Tightening supply of suitable land and construction delays set to impact Australia’s data centre market  

10 April 2024

Construction times for new Australian data centres have increased significantly and this will have a knock-on effect for co-location rental pricing according to new CBRE forecasts.

In a newly issued Q1 Asia Pacific Data Centre Trends report, CBRE notes that new data centre supply is almost fully contracted amid strong AI-driven demand and rapid cloud adoption.

“Due to long lead times for data centre construction off the back of shortages of certain materials such as chips and transformers, construction times have blown out and this will constrain supply in the medium to long term,” said Darcy Frawley, CBRE’s Pacific Director – Data Centres.

The report also highlights that Australian corporates are following the trends in the US and Europe by moving away from in-house model towards a third-party co-location approach, which has increased demand from data centre operators for land in Sydney and Melbourne.

“Many industrial developers across the country are now considering power shell data centre developments to obtain exposure to the asset class,” Mr. Frawley said.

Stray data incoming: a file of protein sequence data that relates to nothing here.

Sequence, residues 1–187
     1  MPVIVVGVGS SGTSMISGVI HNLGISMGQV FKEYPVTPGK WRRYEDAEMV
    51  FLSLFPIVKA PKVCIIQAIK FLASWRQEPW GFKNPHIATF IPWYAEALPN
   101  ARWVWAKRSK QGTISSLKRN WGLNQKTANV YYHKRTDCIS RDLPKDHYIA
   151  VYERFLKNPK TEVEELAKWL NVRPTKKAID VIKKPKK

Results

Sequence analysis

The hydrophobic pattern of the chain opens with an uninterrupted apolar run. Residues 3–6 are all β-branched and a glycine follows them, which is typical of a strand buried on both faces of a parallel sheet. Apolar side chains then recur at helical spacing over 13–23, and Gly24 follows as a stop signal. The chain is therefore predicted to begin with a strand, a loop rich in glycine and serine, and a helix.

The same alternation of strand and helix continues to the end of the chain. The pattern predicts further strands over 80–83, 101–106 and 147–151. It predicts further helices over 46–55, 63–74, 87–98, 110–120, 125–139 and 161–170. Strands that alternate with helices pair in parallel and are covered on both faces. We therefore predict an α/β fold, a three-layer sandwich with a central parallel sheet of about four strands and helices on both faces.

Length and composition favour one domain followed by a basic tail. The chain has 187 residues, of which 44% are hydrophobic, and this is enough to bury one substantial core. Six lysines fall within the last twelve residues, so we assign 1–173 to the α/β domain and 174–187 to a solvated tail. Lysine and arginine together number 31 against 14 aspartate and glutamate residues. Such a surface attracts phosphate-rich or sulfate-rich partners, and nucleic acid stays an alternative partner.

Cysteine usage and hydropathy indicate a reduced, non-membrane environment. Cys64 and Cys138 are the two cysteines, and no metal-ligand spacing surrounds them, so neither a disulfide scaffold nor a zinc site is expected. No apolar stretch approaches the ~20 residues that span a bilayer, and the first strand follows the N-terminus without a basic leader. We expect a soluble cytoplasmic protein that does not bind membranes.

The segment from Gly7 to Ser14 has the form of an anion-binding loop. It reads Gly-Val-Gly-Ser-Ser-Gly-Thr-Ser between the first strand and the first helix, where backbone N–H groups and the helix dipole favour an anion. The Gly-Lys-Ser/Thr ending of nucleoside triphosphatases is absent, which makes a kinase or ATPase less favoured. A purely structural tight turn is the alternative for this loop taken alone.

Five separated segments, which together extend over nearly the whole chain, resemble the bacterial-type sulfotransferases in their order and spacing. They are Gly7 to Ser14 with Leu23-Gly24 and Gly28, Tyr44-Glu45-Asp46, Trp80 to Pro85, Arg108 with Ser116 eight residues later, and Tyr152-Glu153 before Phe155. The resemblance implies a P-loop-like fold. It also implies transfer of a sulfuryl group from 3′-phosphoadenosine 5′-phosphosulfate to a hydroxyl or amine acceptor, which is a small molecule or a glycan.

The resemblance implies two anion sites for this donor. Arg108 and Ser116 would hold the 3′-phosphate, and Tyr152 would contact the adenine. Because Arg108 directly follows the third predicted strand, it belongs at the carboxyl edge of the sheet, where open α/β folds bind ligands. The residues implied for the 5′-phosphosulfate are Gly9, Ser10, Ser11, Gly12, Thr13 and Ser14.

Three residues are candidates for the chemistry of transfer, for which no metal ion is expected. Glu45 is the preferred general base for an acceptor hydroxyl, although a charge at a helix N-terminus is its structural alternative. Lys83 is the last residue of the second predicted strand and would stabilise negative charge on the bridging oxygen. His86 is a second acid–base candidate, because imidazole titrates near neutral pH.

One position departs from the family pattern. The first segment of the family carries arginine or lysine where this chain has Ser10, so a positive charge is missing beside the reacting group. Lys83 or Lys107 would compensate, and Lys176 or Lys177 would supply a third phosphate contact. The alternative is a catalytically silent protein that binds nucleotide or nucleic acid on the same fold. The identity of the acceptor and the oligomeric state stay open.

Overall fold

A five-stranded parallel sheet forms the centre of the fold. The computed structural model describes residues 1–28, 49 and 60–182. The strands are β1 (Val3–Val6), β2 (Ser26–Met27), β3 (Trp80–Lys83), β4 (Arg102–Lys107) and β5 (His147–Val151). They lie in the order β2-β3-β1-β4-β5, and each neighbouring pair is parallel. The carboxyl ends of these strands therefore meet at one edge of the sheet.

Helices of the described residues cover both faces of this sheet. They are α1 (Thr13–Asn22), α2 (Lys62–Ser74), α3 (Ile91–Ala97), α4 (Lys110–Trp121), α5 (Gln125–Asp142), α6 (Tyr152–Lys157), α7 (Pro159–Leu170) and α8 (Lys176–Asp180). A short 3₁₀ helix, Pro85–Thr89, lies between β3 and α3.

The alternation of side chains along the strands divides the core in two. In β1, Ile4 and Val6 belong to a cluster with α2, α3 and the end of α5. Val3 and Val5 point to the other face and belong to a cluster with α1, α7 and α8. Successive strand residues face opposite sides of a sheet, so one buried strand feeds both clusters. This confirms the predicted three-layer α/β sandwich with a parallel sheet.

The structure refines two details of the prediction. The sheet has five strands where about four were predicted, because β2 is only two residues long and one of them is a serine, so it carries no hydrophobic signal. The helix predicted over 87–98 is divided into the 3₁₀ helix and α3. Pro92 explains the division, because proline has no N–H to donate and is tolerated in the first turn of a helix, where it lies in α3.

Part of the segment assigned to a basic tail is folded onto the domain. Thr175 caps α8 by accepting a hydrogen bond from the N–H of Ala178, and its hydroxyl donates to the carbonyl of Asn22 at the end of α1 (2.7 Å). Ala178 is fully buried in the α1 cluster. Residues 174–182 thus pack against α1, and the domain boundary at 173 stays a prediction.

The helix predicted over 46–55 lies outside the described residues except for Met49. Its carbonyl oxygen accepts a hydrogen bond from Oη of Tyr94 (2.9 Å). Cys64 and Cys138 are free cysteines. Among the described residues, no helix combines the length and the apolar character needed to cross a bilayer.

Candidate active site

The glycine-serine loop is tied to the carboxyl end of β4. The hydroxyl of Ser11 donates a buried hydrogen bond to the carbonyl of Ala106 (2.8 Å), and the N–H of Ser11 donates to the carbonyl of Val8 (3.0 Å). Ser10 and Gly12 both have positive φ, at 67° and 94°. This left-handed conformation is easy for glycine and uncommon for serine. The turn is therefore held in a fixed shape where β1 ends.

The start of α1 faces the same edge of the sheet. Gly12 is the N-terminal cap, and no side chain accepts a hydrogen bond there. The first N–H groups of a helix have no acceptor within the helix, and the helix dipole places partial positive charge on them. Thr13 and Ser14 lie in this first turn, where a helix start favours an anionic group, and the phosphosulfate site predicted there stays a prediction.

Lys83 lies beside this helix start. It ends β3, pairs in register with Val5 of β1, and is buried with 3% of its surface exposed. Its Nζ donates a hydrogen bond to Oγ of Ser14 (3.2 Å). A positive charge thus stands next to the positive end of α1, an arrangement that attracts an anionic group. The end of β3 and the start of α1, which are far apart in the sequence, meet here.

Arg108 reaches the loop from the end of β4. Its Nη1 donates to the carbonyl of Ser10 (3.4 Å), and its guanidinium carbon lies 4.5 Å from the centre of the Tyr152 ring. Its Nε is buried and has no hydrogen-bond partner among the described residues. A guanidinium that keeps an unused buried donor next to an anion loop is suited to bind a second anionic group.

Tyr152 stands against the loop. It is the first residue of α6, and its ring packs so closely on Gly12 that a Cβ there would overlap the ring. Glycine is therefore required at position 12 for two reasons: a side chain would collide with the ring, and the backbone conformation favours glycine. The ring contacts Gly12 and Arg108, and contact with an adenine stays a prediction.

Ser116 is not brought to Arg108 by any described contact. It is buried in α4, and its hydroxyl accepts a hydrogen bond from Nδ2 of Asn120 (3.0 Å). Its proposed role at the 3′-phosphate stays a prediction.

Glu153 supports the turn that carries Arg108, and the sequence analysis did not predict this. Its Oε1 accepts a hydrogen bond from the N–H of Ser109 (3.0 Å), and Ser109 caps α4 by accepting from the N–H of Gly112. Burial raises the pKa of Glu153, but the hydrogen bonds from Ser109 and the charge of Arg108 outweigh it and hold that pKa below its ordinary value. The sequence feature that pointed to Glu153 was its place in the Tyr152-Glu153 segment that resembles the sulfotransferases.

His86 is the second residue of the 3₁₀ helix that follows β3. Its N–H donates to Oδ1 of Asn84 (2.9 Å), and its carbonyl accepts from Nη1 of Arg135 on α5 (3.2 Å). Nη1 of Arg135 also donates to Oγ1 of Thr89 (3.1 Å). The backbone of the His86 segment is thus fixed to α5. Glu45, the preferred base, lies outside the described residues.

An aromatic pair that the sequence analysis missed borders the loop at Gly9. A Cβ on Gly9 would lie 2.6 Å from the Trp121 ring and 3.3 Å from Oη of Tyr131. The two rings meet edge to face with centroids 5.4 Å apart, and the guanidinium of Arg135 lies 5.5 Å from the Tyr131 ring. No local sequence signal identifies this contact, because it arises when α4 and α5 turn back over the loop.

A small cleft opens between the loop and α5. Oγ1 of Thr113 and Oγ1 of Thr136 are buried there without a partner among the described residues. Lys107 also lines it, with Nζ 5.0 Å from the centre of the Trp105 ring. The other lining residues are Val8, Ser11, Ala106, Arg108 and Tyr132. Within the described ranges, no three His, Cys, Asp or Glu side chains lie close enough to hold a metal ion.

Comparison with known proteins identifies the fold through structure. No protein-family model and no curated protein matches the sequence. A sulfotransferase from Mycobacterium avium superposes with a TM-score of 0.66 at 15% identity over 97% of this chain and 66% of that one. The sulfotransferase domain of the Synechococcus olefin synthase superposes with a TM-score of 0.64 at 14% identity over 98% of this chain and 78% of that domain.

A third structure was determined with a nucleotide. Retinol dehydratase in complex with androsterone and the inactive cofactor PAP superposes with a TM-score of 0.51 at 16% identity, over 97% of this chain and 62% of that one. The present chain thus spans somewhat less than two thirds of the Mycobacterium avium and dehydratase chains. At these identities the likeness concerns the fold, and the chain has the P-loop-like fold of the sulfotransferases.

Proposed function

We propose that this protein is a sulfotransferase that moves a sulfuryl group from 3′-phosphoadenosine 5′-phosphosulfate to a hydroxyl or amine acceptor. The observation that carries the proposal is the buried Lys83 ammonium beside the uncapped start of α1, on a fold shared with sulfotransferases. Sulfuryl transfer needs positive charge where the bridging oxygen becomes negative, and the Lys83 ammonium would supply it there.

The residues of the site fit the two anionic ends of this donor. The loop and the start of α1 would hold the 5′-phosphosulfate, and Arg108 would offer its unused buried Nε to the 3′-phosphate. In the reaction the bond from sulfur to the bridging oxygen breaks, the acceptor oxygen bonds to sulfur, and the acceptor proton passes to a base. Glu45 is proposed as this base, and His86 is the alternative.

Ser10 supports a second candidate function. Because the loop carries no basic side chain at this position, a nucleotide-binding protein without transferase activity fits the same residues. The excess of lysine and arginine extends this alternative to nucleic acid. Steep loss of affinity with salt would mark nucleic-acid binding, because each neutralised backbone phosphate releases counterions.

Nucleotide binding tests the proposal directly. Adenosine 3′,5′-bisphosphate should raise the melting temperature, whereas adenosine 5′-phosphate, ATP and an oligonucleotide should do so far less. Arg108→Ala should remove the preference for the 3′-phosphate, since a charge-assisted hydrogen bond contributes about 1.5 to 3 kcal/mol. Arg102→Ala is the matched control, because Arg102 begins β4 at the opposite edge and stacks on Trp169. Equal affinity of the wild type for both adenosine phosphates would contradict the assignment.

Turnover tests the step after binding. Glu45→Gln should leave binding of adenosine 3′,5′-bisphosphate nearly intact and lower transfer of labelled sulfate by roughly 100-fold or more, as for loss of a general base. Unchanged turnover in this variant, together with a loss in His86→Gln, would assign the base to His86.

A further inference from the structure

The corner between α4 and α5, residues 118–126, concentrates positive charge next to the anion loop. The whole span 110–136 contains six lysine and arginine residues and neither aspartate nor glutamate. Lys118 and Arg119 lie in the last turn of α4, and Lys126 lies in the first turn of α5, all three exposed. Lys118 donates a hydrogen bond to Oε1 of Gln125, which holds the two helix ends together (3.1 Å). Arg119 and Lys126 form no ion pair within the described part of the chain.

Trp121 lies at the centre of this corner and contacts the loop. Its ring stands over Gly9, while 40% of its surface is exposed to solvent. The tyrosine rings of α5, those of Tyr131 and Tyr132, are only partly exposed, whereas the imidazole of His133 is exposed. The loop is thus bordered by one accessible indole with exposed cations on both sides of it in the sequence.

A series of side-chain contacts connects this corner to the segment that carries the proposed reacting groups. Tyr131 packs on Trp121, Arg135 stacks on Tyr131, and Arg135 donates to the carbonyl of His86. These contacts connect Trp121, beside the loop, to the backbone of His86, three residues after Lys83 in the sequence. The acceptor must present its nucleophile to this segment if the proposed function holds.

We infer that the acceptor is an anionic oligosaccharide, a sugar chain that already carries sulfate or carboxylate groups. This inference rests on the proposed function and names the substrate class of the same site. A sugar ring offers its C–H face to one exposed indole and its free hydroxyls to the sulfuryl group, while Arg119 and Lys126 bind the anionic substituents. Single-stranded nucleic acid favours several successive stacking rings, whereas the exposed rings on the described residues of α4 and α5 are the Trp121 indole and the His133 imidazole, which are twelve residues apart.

“While data centre operators have historically been reluctant to partner with industrial landlords, some groups are now considering this form of ownership as land and power becomes harder to procure in key markets.”

Power supply is a key trend to watch according to the report, with the adoption of renewable energy lagging the current and future requirements.

“Against this backdrop, locations such as Perth and Queensland, where renewable energy projects are more prominent, could potentially attract a new wave of data centre construction,” Mr. Frawley said.

“However, Sydney and Melbourne remain the favoured locations for data centre operators despite ongoing challenges around power availability in the key customer zones.”

On the investment front, the report notes that while activity was limited in 2023 due to a lack of investible product, the data centre asset class remains highly sought after.

“Other investment trends include Australian super funds making large platform investments into Europe and elsewhere around the globe. Examples include AustralianSuper’s acquisition of a minority stake in Vantage EMEA for around US$1.6 billion and Aware Super’s US$500 million investment in US-based operator Switch.